4. When you communicate…
    1. Always remember that these folks are volunteers.
    2. Briefly tell them why they need to do whatever it is that you want them to do.
    3. Keep the vision bright (what are we all working toward anyhow?)
    4. Don’t forget to say thank you often (they are volunteers after all, appreciation is their salary)
    5. E-mail, snail-mail and telephone them – catching someone in the hall at co-op is not enough.
  5. People will disappear if they don’t feel useful, they look to you to tell them what to do. This can be in writing, it can be before they come, but this is a big part of your job. And, you do need these people’s help, because you have a lot of kids to manage, and you will loose your voice maintaining discipline without them, and do you really want to cut out/paint/shop for all of those craft/science supplies yourself?
  6. Sue Anderson’s formula for delegating because Jethro was right! (See Exodus)
    1. Make a list of everything that needs to get done.
    2. Cross off the things that only you can do.
    3. Assign the other things to the other people.
    4. Thank them for their work.
    5. (Very hard part) Don’t fuss at them if it is not done exactly the way you would have done it, but if it must be done in one and only one way, be sure you give them the specific instructions, and to tell them why it must be done this way in time for them to do it. You are working with some of the most independent people on the planet, they will improvise, and some of their ideas will be great! Beware though, if you get perfectionistic on them, they might not come back, and you do need them!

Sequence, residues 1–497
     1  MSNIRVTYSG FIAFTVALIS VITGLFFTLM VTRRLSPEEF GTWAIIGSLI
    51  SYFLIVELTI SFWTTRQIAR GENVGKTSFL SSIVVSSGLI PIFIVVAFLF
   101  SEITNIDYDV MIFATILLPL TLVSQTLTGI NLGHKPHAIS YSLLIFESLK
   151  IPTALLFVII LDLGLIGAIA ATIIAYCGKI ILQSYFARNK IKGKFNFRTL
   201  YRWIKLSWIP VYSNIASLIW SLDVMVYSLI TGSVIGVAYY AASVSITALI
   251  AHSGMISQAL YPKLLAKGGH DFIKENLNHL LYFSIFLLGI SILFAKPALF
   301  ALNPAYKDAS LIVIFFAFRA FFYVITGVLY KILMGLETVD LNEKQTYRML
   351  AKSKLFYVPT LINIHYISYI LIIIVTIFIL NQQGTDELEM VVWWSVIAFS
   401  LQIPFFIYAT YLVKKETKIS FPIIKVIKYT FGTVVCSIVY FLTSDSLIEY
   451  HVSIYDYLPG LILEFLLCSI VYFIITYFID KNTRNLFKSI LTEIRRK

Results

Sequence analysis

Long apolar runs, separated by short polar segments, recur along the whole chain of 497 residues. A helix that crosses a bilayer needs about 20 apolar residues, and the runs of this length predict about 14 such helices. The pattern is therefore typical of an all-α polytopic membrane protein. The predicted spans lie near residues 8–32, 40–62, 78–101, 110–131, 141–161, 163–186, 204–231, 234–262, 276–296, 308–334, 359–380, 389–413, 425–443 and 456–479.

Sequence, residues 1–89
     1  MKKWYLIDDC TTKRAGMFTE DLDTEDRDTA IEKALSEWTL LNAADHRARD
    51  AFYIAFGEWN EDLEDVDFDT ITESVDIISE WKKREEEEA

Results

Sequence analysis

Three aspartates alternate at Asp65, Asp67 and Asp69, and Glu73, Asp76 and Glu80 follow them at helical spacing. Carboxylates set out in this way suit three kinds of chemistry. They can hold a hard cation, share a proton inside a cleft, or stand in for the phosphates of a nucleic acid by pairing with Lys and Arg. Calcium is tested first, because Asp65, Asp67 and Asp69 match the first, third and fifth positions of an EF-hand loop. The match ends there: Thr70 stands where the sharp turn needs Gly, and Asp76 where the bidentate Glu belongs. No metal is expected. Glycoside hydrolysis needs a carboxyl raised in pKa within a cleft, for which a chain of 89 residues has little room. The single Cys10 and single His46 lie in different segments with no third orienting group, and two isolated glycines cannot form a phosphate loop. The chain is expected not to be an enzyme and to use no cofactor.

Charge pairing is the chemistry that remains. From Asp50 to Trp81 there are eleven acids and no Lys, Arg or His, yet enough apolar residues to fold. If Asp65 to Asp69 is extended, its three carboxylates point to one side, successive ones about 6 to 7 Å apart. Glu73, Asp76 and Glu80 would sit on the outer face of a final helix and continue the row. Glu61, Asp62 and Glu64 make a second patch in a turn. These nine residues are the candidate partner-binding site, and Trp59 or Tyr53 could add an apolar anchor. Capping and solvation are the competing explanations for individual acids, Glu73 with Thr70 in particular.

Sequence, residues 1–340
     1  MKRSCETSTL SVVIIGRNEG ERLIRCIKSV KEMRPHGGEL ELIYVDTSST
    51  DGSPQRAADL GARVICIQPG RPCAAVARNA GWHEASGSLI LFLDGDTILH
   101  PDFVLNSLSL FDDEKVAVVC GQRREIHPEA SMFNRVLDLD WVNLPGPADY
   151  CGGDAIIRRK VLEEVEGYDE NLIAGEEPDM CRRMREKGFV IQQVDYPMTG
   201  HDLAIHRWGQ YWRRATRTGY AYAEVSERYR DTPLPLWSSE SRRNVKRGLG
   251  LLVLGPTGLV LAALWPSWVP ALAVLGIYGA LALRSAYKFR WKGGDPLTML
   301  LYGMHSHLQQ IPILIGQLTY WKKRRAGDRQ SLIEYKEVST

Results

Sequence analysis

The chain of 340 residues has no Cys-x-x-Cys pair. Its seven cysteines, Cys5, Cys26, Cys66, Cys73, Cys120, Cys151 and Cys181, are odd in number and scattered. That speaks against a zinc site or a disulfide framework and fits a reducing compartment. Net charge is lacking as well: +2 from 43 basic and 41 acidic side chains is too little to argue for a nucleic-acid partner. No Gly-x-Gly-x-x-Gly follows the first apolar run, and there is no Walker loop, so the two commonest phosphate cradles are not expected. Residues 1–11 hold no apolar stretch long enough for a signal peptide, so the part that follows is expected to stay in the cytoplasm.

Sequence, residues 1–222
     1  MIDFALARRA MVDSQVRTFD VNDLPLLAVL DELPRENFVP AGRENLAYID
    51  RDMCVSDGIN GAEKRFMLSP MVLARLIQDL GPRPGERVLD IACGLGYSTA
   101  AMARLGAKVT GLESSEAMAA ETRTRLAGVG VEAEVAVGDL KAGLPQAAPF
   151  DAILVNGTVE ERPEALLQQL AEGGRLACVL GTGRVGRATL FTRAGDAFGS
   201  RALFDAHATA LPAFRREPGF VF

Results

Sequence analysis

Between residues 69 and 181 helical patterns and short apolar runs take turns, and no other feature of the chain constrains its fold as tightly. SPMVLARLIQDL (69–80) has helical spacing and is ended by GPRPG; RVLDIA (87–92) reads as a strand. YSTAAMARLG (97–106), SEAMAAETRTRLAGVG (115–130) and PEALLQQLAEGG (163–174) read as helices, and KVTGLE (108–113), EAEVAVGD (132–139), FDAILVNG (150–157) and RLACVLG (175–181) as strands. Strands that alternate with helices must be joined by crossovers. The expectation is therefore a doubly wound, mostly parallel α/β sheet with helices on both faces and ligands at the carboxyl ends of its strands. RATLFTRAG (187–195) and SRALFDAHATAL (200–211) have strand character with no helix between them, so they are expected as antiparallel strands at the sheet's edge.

6. Procrastination will kill you.
    7. Keep your eyes and ear open all the time for good teachers and managers – then copy them like mad.
    8. Always prepare a few extra supplies, you don’t want to have to tell your own child, “we can do this at home, so you will have to go short right now.” (Just trust me on this one, its important.)
    9. Some obvious things:
      1. Learn the names (I’m bad at this!)
      2. Don’t know “kids,” know These Kids.
      3. Prepare more than you think you can finish in 45 min, so that they won’t get bored (groups of bored kids are trouble!) But prioritize what is vital to do at co-op, and what needs a group. The rest they can finish at home.
      4. Call for that floor officer if you have a naughty, distraught or sick child

Conclusion: There are few things so satisfying as bringing an excellent effort out of a group of people: Your helpers will feel happy, our kids will learn, make friends and memories, and God will be glorified.